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intera ctives unrelated company called snap interactives has since soared by more than 160%. shares of the actual snapchat company, snap inc, will start trading only a week from now. there was an announcement that all restrictions on cash withdrawals will be removed from next month in mumbai. the decision not to cut rates may have come at a huge surprise for the markets and investors. the decision to remove all curbs on cash withdrawals has, the huge relief for people all across the country. in 2016, there we re across the country. in 2016, there were restrictions regarding how much money people could withdraw from banks and atms. it was a surprise move to withdraw two high—value rupee notes from the system. the head of the reserve bank said that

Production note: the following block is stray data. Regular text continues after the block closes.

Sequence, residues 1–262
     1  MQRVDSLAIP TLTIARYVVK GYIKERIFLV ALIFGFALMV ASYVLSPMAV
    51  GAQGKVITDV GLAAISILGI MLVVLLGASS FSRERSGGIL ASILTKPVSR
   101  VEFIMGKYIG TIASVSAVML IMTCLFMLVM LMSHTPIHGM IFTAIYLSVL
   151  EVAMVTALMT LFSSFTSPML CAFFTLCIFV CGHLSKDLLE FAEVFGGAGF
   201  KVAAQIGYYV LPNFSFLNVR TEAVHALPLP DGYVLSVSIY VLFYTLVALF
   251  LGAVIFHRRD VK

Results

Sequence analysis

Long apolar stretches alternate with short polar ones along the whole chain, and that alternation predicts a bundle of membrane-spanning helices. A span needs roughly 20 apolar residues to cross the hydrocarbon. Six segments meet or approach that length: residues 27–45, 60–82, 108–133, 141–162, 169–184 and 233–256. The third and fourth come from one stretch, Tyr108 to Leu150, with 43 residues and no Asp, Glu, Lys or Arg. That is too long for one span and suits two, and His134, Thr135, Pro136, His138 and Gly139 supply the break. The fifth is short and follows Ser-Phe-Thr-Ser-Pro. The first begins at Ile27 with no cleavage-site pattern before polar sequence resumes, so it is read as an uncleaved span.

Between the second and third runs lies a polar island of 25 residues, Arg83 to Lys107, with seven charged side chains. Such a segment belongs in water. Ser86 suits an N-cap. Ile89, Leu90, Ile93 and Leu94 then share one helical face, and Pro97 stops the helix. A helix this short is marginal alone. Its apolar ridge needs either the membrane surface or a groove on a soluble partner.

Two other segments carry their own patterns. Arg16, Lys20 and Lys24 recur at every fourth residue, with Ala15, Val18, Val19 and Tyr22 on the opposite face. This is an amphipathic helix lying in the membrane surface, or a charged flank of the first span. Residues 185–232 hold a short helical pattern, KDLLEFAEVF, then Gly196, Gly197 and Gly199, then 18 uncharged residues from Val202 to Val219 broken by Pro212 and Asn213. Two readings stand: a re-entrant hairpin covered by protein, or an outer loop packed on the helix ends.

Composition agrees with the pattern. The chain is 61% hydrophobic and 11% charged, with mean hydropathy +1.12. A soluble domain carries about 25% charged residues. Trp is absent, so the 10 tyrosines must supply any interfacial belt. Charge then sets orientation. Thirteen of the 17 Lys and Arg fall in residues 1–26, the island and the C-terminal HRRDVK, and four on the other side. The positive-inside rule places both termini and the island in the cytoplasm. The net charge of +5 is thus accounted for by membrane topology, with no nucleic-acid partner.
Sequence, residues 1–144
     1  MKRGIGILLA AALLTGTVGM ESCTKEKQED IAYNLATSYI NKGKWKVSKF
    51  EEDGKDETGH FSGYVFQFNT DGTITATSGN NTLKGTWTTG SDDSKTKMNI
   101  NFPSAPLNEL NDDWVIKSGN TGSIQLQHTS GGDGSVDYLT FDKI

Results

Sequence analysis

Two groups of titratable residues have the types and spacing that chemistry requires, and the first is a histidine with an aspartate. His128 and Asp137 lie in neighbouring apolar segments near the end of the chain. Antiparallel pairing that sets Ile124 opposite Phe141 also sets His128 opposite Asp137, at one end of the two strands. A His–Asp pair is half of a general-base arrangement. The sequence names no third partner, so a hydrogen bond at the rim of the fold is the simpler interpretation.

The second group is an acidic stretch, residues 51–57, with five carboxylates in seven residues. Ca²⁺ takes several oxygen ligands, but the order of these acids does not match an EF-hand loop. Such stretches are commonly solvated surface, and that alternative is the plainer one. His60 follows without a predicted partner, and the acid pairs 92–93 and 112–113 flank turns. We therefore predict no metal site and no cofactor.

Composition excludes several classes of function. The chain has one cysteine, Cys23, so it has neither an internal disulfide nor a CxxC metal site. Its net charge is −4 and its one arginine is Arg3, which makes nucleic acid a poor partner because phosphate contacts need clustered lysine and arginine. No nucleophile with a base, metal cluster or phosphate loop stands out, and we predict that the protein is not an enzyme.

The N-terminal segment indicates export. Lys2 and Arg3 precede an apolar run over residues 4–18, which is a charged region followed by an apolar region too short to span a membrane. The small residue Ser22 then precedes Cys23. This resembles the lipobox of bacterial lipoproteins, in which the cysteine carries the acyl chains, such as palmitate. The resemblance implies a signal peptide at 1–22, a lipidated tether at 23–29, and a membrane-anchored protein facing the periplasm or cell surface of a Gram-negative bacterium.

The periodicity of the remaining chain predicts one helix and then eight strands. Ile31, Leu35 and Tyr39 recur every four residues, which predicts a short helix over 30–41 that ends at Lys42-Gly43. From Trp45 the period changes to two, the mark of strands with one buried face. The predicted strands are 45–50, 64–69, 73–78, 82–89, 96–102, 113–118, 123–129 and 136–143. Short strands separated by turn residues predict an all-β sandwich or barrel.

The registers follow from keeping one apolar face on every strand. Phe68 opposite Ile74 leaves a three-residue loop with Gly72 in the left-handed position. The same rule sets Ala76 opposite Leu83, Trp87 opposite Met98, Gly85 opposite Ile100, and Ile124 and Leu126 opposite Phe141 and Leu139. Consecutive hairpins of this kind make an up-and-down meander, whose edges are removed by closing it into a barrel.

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it is reasonably confident that by next month, the situation will be under control. there will be enough liquidity in the system. it is why it is confident banks will be in a position to provide the new currency notes without any problems. bbc news, mumbai. staying with india, their airlines are flying high, with their airlines are flying high, with the middle—class flying at even greater volumes. they are rushing to expand their fleet to take advantage of the growth. this one is one of them. they are paying for a new boeing aircraft. they had to close operations a few years ago due to financial difficulties we have the details. for airlines, financial difficulties we have the details. forairlines, india has a lwa ys details. forairlines, india has always been a land of opportunity. a growing population, rising disposable incomes, and an increasing thirst for travel, these are helping the aviation sector in the country finally take off. when indians have extra money on hand,